I’m caught. Before I sit up, the dog is next to me as if she’s riding shotgun to my driver. She stretches her lower half and then awkwardly tumbles to the floor where she stretches her upper half. The stretch depletes her and she plops down into a long-bodied position and waits.

I am not sure if dogs are lovers of routine or if our dog has just become accustomed to our routine. But now she has her own. She’s up with the earlier person (usually me), who brings her downstairs to relieve herself. Once back upstairs, she aggravates the cat with nosebutts until she gets fed. After breakfast, she might wander the flat for a few minutes before getting back into bed with Burke. When Burke moves to the living room to start planning and organizing her day of teaching, Maisy sleeps on a blanket on the couch until about 10.

Bringing a dog outside between 5 and 6 in the morning is an activity that becomes far more pleasant as the winter turns into spring. It’s lighter, warmer, crisper, the grass is green. The only advantages winter brought were that the dog did her business more quickly and I could more easily see the poop of other dogs in the snow. Now, as I bring down Maisy in the not-quite-light, I tiptoe through the faecal minefield.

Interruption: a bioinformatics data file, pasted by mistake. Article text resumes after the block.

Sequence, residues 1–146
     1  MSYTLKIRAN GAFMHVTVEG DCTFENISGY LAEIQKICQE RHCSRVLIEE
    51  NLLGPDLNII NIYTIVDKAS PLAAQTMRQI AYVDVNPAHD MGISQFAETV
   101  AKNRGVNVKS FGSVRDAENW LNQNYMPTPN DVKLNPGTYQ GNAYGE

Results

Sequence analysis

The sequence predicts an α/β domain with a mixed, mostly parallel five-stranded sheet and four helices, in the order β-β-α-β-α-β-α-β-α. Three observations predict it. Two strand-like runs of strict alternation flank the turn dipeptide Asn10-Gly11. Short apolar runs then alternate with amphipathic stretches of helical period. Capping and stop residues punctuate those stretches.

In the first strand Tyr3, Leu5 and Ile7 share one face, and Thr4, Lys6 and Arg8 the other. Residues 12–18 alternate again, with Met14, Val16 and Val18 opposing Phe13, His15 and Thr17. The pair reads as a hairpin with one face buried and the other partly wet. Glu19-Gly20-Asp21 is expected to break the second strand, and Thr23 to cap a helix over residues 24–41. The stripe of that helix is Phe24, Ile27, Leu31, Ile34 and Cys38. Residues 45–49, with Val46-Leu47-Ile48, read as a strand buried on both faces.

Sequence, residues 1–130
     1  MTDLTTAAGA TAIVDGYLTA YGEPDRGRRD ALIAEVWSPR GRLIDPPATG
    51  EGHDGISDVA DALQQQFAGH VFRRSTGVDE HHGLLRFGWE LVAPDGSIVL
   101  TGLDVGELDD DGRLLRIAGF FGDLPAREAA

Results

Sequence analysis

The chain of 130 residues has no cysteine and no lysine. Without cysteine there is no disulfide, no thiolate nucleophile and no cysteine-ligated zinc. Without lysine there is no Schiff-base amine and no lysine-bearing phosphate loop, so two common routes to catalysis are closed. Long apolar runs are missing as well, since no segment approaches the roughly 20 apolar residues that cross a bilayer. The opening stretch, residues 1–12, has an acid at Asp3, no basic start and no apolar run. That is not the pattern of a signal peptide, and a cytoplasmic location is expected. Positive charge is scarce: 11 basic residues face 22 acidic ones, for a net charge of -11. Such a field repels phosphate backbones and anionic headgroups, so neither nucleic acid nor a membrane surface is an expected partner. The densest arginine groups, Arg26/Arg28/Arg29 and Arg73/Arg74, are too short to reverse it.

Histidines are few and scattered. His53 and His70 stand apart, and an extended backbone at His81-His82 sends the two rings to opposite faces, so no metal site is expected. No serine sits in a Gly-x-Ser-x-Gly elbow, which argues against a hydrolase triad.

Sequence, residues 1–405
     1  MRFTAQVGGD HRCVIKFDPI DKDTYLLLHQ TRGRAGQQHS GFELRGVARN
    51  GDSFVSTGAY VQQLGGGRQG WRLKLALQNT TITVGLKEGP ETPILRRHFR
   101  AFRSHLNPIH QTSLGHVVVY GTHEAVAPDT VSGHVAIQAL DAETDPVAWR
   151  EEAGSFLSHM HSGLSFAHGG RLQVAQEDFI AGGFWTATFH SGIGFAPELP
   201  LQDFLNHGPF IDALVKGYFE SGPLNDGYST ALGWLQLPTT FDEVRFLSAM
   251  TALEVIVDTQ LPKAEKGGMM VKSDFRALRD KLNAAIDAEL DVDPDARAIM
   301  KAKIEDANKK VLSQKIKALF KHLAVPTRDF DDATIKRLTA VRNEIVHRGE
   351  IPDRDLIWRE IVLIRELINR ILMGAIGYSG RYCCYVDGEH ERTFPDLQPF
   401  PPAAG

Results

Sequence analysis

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On April 14 1865, John Wilkes Booth Goes to the Star Saloon for a drink

The events of April 14 1865 are some of the most infamous in American history. Abraham Lincoln went to a play at Ford’s Theatre, he sat in a box and watched the comedy Our American Cousin. In the third act, actor and confederate sympathizer John Wilkes Booth snuck into his box. When actor Harry Hawk delivered “you sockdologizing old mantrap!” the crowd roared with laughter, just as Booth knew they would. He took the opportunity to pull the trigger of the Deringer he held up against Lincoln’s head. Mary Todd Lincoln and Clara Harris screamed as Major Henry Rathbone jumped up and struggled with Booth. Booth stabbed Rathbone, screamed “Sic semper tyrannis” which is Latin for “See you in your grade school history book!” and broke his leg while jumping onto the stage and into the annals of monumentally bad fucking decisions.

In America we learned this story in grade school, along with the words “assassination,” “coma,” and “dagger,” but not “sockdologizing mantrap.” We learned the power of context, and would never again hear “Ford’s Theatre” without attaching it to bad omens. We learned context to relativize the magnitude of the event. When Mr. Hancock explained that John Wilkes Booth killing Abraham Lincoln was like Harrison Ford killing President Reagan, we were aghast.